‘Bean counting at the BoE’

This morning Charles Bean, Deputy Governor of the Bank of England, took the opportunity of the NGDP release for the last quarter of 2012 to ‘deride’ NGDP targeting. I don´t really recommend reading his speech because it is an ‘unlearning’ process, and the ‘innocent’ would come out of it ‘worse-off’! He makes the mistake of first discussing the pros and cons of an NGDP growth target. In the second part he deals with level targeting.

Anyway, the FT/Alphaville has a summary, I´ll just focus on a couple of points and counter argue with illustrations (my bolds):

So the deviations of nominal income growth from around 5% appear to have been largely associated with forecast errors. In particular, the collapse in demand after the demise of Lehman Brothers was so sudden and deep that there was no way that monetary policy could in practice have been relaxed early enough, and by a large enough amount, to prevent it. It is, though, a moot point whether policy would have been set even more stimulatory during the latter part of 2009 if we had been operating under a nominal income growth target, given that we were implicitly expecting a rather slow recovery in nominal income growth. Given how stimulatory policy already was, I suspect that we might well have taken the view that it was simply not feasible to get nominal income growth back much faster.

This is one of the more ‘self-serving’ paragraphs I´ve read in some time. It was all due to the surprise of the Lehman shock. And later there was not much the BoE could do even if operating under a nominal income growth target because we were implicitly expecting a slow recovery in NGDP growth! Yes, Mr. Bean, the BoE has no influence at all on nominal spending. Could it be that exactly because you were expecting a “rather slow recovery in NGDP growth’ that growth turned out indeed slow?

The charts below, which are two ways of showing the same thing, indicate that your Lehman ‘excuse’ does not hold water. By the time Lehman ‘folded’ NGDP had dropped way below the trend level path or, what comes to the same thing, NGDP growth had already fallen way below the 5% ‘target’. Could be that Lehman was the first ‘famous victim’ of the monetary policy folly that was taking place on the other side of the ‘pond’?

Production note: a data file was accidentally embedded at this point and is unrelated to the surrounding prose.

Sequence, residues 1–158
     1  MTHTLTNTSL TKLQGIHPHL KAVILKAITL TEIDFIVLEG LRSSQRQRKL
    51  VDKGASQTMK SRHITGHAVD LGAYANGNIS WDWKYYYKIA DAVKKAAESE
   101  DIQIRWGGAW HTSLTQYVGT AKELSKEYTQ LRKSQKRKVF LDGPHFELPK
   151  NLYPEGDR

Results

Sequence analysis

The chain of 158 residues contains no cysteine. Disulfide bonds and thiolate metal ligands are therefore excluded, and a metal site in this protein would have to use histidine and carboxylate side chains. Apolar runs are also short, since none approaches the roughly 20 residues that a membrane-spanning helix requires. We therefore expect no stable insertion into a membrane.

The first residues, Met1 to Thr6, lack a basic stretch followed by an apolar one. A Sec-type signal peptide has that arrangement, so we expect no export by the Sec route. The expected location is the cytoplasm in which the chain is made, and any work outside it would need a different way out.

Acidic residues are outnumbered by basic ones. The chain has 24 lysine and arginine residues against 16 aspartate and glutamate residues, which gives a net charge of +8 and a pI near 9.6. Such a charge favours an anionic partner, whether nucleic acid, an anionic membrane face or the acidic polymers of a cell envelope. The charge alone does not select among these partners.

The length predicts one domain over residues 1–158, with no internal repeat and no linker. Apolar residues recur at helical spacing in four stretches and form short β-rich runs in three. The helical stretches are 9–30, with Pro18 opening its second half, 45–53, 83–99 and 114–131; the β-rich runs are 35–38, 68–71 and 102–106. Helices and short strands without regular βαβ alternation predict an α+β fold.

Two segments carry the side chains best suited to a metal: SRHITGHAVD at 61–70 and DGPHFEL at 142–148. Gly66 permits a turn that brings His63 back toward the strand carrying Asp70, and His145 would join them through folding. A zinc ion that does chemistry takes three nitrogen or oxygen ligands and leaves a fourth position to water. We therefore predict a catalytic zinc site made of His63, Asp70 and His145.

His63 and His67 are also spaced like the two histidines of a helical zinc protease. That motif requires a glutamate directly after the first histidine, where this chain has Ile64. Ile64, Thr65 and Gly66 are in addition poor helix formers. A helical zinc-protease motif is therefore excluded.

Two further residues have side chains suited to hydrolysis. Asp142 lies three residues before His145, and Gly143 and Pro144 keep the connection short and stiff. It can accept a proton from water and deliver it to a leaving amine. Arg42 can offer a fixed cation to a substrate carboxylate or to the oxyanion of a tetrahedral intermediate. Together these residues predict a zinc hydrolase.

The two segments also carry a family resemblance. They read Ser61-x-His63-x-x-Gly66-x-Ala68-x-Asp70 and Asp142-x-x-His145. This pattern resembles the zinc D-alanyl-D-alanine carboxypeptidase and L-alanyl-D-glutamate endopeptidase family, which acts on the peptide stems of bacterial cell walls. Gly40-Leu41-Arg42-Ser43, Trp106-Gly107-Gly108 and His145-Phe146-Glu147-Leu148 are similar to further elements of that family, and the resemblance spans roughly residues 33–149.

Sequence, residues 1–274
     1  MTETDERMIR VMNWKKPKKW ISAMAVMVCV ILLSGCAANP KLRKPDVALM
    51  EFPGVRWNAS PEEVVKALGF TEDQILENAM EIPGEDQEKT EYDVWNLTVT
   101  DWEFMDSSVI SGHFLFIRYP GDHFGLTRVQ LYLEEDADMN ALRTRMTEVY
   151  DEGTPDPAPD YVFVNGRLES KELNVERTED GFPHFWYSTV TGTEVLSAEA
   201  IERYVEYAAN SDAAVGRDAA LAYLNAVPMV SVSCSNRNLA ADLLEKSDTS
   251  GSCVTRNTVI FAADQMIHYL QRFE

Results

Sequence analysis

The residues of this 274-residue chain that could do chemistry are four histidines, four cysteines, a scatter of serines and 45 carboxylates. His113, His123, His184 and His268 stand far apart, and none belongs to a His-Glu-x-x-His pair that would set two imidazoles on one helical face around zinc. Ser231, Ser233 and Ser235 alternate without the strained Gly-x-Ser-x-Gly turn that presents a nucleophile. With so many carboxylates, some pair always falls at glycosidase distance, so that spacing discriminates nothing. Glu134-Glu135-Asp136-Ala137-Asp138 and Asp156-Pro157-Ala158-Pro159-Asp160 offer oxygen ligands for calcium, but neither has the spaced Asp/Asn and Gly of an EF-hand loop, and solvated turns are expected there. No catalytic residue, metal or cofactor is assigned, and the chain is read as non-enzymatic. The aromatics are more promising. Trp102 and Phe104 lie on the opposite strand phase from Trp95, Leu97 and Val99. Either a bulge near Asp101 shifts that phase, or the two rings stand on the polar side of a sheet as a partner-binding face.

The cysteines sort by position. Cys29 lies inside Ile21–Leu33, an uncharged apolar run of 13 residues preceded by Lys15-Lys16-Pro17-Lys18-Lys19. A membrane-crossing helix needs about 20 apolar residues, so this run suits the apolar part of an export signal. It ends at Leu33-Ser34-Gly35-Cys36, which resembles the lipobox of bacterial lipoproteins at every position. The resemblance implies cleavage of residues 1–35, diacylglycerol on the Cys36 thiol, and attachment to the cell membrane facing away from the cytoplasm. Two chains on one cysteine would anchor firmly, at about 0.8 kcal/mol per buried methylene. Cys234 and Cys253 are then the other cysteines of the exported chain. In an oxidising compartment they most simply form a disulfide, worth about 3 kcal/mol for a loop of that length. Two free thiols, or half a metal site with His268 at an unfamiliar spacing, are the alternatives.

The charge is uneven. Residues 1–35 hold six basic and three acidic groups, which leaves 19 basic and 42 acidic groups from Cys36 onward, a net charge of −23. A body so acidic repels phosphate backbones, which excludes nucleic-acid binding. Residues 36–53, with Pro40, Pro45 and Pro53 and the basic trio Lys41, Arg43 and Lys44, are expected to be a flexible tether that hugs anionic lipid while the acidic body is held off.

You could have ‘capped’ the depth of the hole by allowing NGDP to grow at 5% after late 2009, but you didn´t, and that´s certainly not a “moot point”.

“Anyway, he basically doesn’t believe that a shift to a nominal income growth target would represent a major change in the regime. Now to a shift to a target for the level of nominal income”.

such a target would ensure that past control errors have to be subsequently corrected. Bygones are not bygones, in other words. In the current context, this is usually taken to mean returning nominal income to a continuation of its pre-crisis trend line. As Chart 3 reveals, the nominal income shortfall in the United Kingdom is presently very large – in excess of 15% in fact.

Such history dependence in policy is potentially of value when private agents are sufficiently forward-looking and the regime is fully credible…

The problem is that such a policy is not time-consistent. The central bank has the incentive to say that it intends to do this. But once tomorrow comes, it makes sense not to go through with its promise of holding policy tight, as it suffers a cost in terms of output foregone, while the benefit has already been gained in the earlier period. It is better simply to renege on the earlier promise to keep policy tight for a while…

Oh, spare me! The time inconsistency argument is so lame. First because any monetary policy target is ‘time inconsistent’ if the central bank, responsible for defending the target, has no credibility. If it does have credibility (a conquest of several central banks over the past 25-30 years) deviations from the target path will never be big. If they are it is because the central bank ‘slept at the wheel’.

To your credit, although the UK economy had for long (since 1992) been ‘travelling’ along the same ‘spending route’, I cannot say you ‘slept at the wheel’ because that was not your target. But if there´s a lesson to be learned from this episode is that you had the ‘wrong target’. If it were a ‘good target’ it would not have driven you astray, way into the ‘soup’!

Update: A sense of humor is always important. And thanks to Steve Grissom we can get a good laugh watching Mr Bean steer the economy (see in comments).

3 thoughts on “‘Bean counting at the BoE’

  1. Pingback: ‘Bean counting at the BoE’ | Fifth Estate

  2. Pingback: How Tight Money and Fiscal Stimulus Failed in 2008 | uneconomical

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